Volume Primitives

The volume primitives are a set of basic geometeric shapes (spheres, boxes, etc.). These constructors accept simple parameters such as dimensions, points, and vectors. In Alpha_1, solid volumes are represented by their boundaries, and these primitives ultimately produce shells consisting of b-spline surfaces to represent those boundaries. Sometimes these primitives are a good place to begin to achieve a basic shape which can later be modified with other operators in the system. Users modeling mechanical parts should be sure to also read about the features package (Mechanical Features) which significantly extends this set.

To get a shell (shell_obj) out of a primitive use makegeom.

Bounding Box Object

A bounding box is not a geometric primitive, in the sense that it can't be displayed nor do you construct other objects from it. However, bounding boxes can be used to position objects and to do simple intersection calculations. A bounding box is defined by two 3Dpts, representing the minimum and maximum xyz points. While a bounding box object does not have a display method, the data points can be accessed using the accessors.
bBoxObj( Obj )
Returns
<bounding box> Construct an axis-aligned bounding box given an object.
Obj
<object> The object to place the bounding box around. Note: Not all objects have bounding box methods. A partial list of objects which have bounding box methods includes: points, vectors, curves, surfaces, shells, and groups. Methods are not defined for: lines, arcs, and primitives.

Box Object

A box is defined by the vertex at one of the corners and three vectors specifying the height, width, and depth of the box relative to the vertex. The box may be arbitrarily oriented. It will have right angles at the corners only if the height, width and depth vectors are mutually perpendicular. The vectors should be ordered so that they form a right-handed coordinate system.

box( Vertex, Height, Width, Depth )
Returns
<box> Construct a parallelepiped given the lengths and orientations of each of its three axes.
Vertex
<euclidPoint> The reference corner of the box at which the three vectors are based.
Height, Width, Depth
<geomVector> The dimensions of the box. The vectors can have any orientation, but will produce a cube only if mutually perpendicular.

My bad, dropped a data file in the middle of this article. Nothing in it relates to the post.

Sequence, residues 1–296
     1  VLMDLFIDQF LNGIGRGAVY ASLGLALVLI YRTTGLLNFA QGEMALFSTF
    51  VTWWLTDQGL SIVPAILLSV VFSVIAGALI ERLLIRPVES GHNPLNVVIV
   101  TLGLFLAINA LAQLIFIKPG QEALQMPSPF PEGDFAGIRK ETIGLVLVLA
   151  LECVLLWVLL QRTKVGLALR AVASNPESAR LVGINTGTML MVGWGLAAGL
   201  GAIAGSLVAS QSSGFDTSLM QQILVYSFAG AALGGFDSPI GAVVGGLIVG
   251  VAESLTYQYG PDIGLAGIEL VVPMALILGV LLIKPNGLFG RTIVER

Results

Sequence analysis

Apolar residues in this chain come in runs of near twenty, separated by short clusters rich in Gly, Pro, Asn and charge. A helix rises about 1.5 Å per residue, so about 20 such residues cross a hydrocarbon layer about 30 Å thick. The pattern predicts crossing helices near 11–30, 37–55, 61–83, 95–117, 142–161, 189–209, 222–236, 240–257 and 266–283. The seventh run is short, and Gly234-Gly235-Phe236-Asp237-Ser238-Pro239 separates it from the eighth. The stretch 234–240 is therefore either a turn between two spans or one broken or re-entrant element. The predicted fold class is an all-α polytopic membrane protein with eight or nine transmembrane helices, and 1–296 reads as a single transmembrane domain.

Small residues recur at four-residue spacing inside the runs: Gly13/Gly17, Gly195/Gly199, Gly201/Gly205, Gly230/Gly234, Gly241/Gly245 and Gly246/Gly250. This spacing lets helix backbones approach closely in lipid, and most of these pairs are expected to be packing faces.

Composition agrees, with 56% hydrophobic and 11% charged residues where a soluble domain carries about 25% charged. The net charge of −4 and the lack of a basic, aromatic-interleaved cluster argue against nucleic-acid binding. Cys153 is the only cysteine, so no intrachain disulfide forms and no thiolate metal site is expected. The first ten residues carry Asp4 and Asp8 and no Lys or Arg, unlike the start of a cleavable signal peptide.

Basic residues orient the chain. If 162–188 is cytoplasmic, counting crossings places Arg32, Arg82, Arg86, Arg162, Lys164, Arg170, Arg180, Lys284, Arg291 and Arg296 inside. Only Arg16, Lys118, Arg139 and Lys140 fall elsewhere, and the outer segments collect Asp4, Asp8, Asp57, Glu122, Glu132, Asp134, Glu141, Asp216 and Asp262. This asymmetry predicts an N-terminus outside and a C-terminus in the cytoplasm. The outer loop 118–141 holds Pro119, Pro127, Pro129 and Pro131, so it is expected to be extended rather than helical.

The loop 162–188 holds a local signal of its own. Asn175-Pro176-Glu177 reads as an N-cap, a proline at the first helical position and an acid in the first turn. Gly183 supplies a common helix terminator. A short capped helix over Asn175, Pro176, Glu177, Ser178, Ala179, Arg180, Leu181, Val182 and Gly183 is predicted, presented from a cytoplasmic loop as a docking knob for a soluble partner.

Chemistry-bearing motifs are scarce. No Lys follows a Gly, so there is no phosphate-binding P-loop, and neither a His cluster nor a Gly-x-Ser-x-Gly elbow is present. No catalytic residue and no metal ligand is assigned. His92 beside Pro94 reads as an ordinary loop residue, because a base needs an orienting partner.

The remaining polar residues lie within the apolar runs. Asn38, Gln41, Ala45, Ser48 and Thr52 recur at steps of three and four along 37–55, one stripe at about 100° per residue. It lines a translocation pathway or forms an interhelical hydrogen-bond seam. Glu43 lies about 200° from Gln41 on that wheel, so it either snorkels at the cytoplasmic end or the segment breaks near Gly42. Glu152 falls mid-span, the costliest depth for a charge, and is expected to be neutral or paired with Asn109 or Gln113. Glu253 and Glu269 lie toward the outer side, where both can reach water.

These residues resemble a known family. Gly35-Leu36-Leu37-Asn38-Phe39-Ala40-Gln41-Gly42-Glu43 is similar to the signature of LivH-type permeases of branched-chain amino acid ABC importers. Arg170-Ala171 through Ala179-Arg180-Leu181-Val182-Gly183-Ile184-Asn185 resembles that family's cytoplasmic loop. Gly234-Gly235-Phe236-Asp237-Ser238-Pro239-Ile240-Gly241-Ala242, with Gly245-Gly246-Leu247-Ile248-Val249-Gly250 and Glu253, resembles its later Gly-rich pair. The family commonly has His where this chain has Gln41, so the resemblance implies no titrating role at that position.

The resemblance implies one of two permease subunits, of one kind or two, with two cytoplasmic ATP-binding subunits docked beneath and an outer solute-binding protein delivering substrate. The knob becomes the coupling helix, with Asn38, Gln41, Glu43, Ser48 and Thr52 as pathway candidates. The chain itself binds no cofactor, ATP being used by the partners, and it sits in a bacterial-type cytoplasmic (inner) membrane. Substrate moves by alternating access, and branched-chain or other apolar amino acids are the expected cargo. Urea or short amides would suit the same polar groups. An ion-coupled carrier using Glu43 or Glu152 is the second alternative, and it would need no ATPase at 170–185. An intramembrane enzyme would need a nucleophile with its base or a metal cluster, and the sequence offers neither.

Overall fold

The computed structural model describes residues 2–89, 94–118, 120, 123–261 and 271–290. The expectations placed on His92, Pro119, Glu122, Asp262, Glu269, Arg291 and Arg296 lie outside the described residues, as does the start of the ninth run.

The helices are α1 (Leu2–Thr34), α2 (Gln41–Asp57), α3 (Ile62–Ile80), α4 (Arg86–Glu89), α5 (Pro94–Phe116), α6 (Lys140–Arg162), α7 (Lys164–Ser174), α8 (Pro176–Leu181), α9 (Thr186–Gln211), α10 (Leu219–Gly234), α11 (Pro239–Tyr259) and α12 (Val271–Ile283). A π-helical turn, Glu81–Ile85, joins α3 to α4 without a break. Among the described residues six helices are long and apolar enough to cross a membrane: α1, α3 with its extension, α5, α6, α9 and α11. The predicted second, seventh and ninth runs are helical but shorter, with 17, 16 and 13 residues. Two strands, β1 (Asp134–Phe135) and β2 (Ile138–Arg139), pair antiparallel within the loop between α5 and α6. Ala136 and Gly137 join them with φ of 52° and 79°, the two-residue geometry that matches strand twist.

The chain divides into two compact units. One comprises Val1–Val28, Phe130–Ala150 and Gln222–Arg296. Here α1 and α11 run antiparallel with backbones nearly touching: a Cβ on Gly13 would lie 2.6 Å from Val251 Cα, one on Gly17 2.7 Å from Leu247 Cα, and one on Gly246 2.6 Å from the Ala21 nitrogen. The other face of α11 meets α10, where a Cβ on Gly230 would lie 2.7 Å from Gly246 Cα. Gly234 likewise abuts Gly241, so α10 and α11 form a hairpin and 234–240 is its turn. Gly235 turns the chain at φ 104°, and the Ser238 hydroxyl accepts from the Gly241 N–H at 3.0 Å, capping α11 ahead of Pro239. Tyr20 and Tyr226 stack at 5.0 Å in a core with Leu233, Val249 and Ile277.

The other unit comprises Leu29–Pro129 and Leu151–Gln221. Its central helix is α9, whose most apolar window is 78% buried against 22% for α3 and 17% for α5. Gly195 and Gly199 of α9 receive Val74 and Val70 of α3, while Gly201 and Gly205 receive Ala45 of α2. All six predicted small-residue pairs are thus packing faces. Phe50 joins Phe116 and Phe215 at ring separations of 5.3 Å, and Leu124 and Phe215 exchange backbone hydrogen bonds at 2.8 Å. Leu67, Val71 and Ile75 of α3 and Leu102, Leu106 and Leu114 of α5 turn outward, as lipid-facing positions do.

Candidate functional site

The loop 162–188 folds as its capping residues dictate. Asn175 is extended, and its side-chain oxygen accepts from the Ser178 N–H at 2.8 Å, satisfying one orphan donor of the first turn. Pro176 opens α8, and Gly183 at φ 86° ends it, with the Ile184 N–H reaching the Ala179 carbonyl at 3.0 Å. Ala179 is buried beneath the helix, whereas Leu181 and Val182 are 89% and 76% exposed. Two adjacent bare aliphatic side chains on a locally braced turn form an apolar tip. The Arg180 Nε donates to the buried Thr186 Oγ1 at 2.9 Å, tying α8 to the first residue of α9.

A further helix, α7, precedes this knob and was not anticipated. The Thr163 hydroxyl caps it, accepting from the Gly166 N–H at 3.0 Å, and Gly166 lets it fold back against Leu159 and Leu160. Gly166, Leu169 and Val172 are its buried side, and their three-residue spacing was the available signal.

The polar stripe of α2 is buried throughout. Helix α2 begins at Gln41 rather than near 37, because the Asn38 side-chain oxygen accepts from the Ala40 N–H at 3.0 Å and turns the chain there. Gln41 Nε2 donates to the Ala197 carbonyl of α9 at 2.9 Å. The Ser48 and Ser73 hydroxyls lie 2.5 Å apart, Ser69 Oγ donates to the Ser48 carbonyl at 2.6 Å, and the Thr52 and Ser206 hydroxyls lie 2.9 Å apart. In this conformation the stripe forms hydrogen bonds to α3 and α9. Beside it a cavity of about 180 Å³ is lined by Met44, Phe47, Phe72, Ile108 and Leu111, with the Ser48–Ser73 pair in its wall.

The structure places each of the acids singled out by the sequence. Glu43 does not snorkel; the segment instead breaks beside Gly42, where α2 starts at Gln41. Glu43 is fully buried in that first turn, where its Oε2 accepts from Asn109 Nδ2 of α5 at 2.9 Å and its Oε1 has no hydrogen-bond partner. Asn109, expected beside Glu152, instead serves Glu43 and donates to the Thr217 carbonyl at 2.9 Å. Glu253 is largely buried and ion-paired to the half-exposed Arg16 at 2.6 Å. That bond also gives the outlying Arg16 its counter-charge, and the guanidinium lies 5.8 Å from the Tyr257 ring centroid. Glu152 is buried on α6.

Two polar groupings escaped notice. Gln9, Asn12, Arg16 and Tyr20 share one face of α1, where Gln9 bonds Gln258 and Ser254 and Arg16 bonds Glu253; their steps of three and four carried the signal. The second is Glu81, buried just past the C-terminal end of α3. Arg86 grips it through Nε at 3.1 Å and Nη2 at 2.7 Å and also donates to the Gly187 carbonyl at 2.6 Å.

boxFromAnchor( Anchor, Height, Width, Depth )
Returns
<box> Construct a box given an anchor for position and orientation plus dimensions.
Anchor
<anchor> An anchor at the corner of the box.
Height
<number>0> Dimension for Y direction (with respect to Anchor).
Width
<number>0> Dimension for X direction (with respect to Anchor).
Depth
<number>0> Dimension for Z direction (with respect to Anchor).

Wedge Object

A right angle wedge is specified by a vertex point and the height, width, and depth vectors relative to the vertex. The wedge has a triangular cross section specified by the height and width vectors, and the vector connecting their endpoints (see figure below). Like the box above, the wedge will only be a right angle wedge if the three vectors are mutually perpendicular. The vectors should be ordered so that they form a right-handed coordinate system.

rightAngleWedge( Vertex, Height, Width, Depth )
Returns
<wedge> Construct a wedge from a reference point and three dimensions.
Vertex
<euclidPoint> The reference point which serves as the base of the three dimension vectors.
Height, Width, Depth
<geomVector> The dimensions and orientation for the wedge. The wedge will be a right angle wedge only if the three vectors are mutually perpendicular.

Cylinder Object

The base point, height vector, and radius determine a rightCirCylinder.
Returns
<cylinder> Construct a cylindrical solid from a reference point and the cylinder's dimensions.
Vertex
<euclidPoint> The reference point which serves as the base for the vector and radius.
Height
<geomVector> The height and axis line of the cylinder.
<number> The radius of the cylinder.
Returns
<cylinder> Construct a cylindrical solid given an anchor for position and orientation plus dimensions.
Anchor
<anchor> An anchor at the center of the cylinder base.
Height
<number> Height of cylinder in Z direction (with respect to Anchor).
<number> The radius of the cylinder.

Cone Object

A truncRightCone is defined by the vertex at the center of the larger base, a height vector, and the radii of the larger and smaller bases, respectively.

truncRightCone( Vertex, Height, Bottom, Top )
Returns
<cone> Construct a cone from a reference point and dimensions.
Vertex
<euclidPoint> The reference point for the vector and radii.
Height
<geomVector> The height and axis line of the cone.
Bottom, Top
<number> The two radii of the cone.

Sphere Object

Returns
<sphere> Construct a sphere from a center and radius.
Center
<euclidPoint> The center of the sphere.
<number> The radius of the sphere.

Torus Object

A torus is defined by the vertex at its center, a normal to the plane in which the torus lies (the locus of centers of the circular cross sections lies in this plane), and two scalar radii. The first radius gives the distance from the center to the mid-point of the circular cross section. The second radius is the radius of the circular cross section.
Returns
<torus> Construct a torus from a reference point and dimensions.
Vertex
<euclidPoint> The center of the torus.
Normal
<geomVector> A vector normal to the plane of the torus.
<number> The radius of the torus.
<number> The radius of the cross section of the torus.

Ellipsoid Object

An ellipsoid of revolution is defined by the vertex at the center of the axis of revolution, a vector defining the axis of revolution relative to the vertex, and the radius of the circular cross-section at the vertex point. The length of the vector defining the axis of revolution will be the length of the semi-major or semi-minor axis (depending on whether it is larger or smaller than the cross-section radius). C_Shape_Edit User's Manual Home Page